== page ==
Britain will accept proposals to shake up the country's banks on Monday, forcing lenders to form barriers between their retail operations and riskier investment arms to protect ordinary customers better in any future crisis.

Business secretary Vince Cable told the BBC legislation introducing reforms proposed by the government-sponsored Independent Commission on Banking would be completed within the current parliament, namely by mid-2015.

Finance minister George Osborne will issue his formal response on Monday to proposals laid out in September by the ICB, headed by John Vickers.

He may not go as far as Vickers wanted on forcing banks to hold debt that could absorb losses if they hit trouble, however.

The proposal on bail-in debt has been attacked by HSBC and Standard Chartered, who have threatened to quit their London headquarters for Asia.

While Vickers wanted the bail-in debt to apply to each bank's global assets, HSBC estimated that would cost it more than $2.1 billion a year (1.4 billion pounds), while Standard Chartered said Britain should wait for international rules to come in.

The government was set to apply the rule to banks' British balance sheet rather than their global assets, substantially reducing the cost, the BBC reported on Sunday.

The government set up the ICB after the 2007-08 credit crisis saw Britain nationalise Northern Rock and pump 66 billion pounds ($102 billion) into Lloyds and Royal Bank of Scotland.

While the government says taxpayers should not have to bail out lenders in the future, Prime Minister David Cameron also wants to ensure the regulations do not harm London's standing as a leading financial centre. He vetoed changes to the European Union treaty this month to protect the City.

Shares in Barclays and RBS were down 1.5 percent by 0910 GMT, while Lloyds was down 2.2 percent. HSBC fell 0.1 percent.

In September, the ICB said British banks should ring-fence their retail units from investment banking operations.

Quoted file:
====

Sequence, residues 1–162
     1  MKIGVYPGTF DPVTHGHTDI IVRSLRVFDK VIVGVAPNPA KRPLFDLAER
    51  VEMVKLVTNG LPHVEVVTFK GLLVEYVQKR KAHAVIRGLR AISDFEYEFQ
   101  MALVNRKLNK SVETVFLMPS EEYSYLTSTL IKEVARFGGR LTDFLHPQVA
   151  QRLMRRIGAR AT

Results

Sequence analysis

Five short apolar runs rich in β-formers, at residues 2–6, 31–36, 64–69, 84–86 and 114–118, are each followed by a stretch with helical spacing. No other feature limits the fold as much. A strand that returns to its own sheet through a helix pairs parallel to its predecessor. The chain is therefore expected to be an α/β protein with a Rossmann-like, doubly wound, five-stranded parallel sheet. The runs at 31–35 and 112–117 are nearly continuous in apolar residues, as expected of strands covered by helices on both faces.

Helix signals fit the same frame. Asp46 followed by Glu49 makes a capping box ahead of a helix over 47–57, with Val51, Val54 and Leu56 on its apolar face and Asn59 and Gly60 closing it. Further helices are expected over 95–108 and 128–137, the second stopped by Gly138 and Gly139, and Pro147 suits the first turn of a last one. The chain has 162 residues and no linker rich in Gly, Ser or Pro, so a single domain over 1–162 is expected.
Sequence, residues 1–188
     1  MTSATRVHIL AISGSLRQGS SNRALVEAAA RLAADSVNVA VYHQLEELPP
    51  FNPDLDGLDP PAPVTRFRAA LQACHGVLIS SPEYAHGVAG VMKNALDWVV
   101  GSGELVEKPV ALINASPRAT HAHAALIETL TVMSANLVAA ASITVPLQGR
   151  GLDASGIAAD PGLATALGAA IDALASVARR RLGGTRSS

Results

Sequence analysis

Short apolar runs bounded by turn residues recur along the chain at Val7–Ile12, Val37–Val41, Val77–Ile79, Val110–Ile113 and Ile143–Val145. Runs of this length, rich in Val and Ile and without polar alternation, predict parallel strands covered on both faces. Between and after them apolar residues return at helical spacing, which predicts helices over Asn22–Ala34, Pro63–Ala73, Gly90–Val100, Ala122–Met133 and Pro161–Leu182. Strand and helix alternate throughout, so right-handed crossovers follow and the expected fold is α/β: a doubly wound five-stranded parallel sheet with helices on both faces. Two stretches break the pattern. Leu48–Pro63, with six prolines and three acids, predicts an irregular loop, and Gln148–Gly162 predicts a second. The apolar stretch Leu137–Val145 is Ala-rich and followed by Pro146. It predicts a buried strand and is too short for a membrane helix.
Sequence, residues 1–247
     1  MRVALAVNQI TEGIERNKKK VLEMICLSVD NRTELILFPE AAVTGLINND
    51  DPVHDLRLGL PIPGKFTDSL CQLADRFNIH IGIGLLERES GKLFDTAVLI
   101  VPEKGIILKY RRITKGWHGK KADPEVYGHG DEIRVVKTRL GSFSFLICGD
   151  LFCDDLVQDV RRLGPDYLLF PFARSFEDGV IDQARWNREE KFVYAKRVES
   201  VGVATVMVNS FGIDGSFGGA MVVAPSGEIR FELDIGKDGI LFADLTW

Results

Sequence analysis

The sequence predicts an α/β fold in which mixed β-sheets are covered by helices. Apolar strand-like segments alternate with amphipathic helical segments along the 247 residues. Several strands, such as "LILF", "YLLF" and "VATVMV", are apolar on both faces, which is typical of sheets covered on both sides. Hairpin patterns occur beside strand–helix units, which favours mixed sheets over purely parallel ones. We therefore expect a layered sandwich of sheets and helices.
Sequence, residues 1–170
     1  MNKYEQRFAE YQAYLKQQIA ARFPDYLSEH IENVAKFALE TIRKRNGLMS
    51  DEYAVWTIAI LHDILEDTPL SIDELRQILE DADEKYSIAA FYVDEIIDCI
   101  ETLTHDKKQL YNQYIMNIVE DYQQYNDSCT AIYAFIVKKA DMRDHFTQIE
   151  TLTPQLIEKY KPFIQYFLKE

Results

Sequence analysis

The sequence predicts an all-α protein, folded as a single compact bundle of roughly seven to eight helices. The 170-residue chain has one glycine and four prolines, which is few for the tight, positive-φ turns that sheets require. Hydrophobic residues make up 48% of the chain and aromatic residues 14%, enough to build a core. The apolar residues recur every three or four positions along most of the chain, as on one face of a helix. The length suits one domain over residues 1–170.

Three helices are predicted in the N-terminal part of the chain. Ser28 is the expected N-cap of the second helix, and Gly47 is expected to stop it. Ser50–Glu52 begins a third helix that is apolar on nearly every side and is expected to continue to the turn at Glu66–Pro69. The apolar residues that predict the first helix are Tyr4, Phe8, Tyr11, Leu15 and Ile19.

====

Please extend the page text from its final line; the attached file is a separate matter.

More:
It said banks should hold core capital of 10 percent, plus a further 7-10 percent capital in the form of bail-in bonds.

There would also be limits to the extent to which a bank could use money in its retail arm for its investment bank -- a move that will increase funding costs for British lenders.

The ICB has said banks should have until 2019 to implement the proposals -- in line with plans by the Basel committee of global banking regulators to impose tougher capital requirements on banks also by 2019.

The capital requirements are quite strict but the timetable for implementation is quite generous. Analysts had always expected that the government would tick through the reforms, Shore Capital analyst Gary Greenwood said.


The head of the British Bankers Association said an initial 'white paper' on the ICB reforms was expected in 2012, adding Monday's statement would start a formal process rather than conclude one.

BBA chief executive Angela Knight said while banks were committed to working with the government over the reforms, the top banks were set to continue lobbying as reforms draw nearer.

Banks have said they could be at a competitive disadvantage to rivals in Europe, Asia and the United States, which do not face the same shake-up.

They estimate the costs of the reforms would be more than the top end of the 4-7 billion pounds estimated by the ICB, making it harder for them to lend to businesses and customers, which could hurt the overall economy.

The proposals would see Britain follow Sweden and Switzerland in setting a benchmark in capital rules on banks, since the size of each of those countries' bank sectors is greater than their national GDP, creating a greater risk for taxpayers.

The issue of banking reform has caused tension between the Conservatives, who lead the coalition, and Liberal Democrats, with Cable and LibDem Deputy Prime Minister Nick Clegg fiercer critics of the banks than Cameron or Osborne.

(Additional reporting by Michael Holden, Fiona Shaikh and Steve Slater; Editing by Jon Loades-Carter and Dan Lalor)